- What other names is Bromelain known by?
- What is Bromelain?
- How does Bromelain work?
- Are there safety concerns?
- Are there any interactions with medications?
- Dosing considerations for Bromelain.
Bromelain is used for reducing swelling (inflammation), especially of the nose and sinuses, after surgery or injury. It is also used for hay fever, treating a bowel condition that includes swelling and ulcers (ulcerative colitis), removing dead and damaged tissue after a burn (debridement), preventing the collection of water in the lung (pulmonary edema), relaxing muscles, stimulating muscle contractions, slowing clotting, improving the absorption of antibiotics, preventing cancer, shortening labor, and helping the body get rid of fat.
It is also used for preventing muscle soreness after intense exercise. This use has been studied, and the evidence suggests bromelain doesn't work for this.
Some people use a product (Phlogenzym) for arthritis (osteoarthritis) that combines bromelain with trypsin (a protein) and rutin (a substance found in buckwheat). Bromelain used in this way seems to reduce pain and improve knee function in people with arthritis.
There isn't enough scientific evidence to determine whether or not bromelain is effective for any of its other uses.
Possibly Ineffective for...
- Preventing muscle soreness (myalgia) after exercise. Taking bromelain orally, immediately following intense exercise, does not seem to delay onset of muscle soreness and has no effect on pain, flexibility, or skeletal weakness.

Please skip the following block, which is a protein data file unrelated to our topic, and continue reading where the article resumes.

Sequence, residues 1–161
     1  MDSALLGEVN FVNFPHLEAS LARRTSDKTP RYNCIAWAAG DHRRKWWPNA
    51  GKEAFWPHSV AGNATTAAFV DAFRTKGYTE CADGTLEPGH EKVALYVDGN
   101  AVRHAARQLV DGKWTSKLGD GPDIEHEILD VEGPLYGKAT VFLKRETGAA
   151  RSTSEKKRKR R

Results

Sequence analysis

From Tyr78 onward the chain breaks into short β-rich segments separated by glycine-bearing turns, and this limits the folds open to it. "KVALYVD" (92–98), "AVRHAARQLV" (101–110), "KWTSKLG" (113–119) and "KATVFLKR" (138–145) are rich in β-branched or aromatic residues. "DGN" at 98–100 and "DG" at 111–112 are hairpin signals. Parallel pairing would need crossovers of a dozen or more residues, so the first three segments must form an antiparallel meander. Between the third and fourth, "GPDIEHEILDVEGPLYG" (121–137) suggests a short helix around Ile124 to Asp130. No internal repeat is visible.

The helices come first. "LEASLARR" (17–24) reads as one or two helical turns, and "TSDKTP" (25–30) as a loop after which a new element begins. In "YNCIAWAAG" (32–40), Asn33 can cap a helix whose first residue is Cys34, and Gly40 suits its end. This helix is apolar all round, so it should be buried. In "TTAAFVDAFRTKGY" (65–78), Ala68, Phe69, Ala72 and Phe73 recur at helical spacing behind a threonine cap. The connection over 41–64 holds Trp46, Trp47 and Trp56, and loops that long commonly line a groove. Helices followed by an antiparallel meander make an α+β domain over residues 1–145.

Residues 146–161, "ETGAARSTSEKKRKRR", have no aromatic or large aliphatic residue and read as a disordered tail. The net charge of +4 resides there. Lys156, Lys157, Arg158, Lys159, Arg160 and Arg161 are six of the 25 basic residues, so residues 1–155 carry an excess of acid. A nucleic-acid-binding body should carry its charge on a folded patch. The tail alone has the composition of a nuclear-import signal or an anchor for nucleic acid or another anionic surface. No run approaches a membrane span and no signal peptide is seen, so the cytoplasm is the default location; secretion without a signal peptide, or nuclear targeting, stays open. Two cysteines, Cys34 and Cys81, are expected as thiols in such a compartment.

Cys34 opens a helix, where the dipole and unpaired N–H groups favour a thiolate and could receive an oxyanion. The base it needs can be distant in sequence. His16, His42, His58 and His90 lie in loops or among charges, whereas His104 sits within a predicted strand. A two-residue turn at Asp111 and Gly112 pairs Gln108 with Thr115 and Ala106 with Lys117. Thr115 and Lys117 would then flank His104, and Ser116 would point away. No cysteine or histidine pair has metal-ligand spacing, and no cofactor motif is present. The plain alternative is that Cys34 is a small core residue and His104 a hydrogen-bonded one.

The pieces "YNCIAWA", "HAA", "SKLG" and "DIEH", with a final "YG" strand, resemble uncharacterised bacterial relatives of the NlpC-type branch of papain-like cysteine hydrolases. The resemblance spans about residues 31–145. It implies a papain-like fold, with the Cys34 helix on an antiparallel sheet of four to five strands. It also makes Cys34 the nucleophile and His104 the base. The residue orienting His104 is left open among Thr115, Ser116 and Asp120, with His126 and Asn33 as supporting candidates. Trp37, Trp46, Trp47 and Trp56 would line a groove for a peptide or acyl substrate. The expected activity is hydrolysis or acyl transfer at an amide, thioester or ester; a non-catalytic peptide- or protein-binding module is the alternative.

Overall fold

Insufficient Evidence to Rate Effectiveness for...
- Arthritis (osteoarthritis). Taking bromelain alone doesn't seem to help arthritis pain. However, a specific combination of bromelain, trypsin and rutin (Phlogenzym) might help about as well as the prescription anti-inflammatory drug, diclofenac.
- Arthritis (rheumatoid arthritis). Some research suggests that bromelain might help reduce joint swelling in rheumatoid arthritis; however this research is not very reliable.
- Knee pain. There's some evidence that taking bromelain by mouth might reduce mild acute knee pain that's lasted for less than three months in otherwise healthy people.
- Severe burns. There's some evidence that using a bromelain-derived product called Debridase under a dressing helps to remove the dead tissue from burns.
- Improving antibiotic absorption.
- Hay fever.
- Preventing cancer.
- Shortening of labor.
- Ulcerative colitis.
- Other conditions.
Natural Medicines Comprehensive Database rates effectiveness based on scientific evidence according to the following scale: Effective, Likely Effective, Possibly Effective, Possibly Ineffective, Likely Ineffective, and Insufficient Evidence to Rate (detailed description of each of the ratings).
Next: How does Bromelain work?
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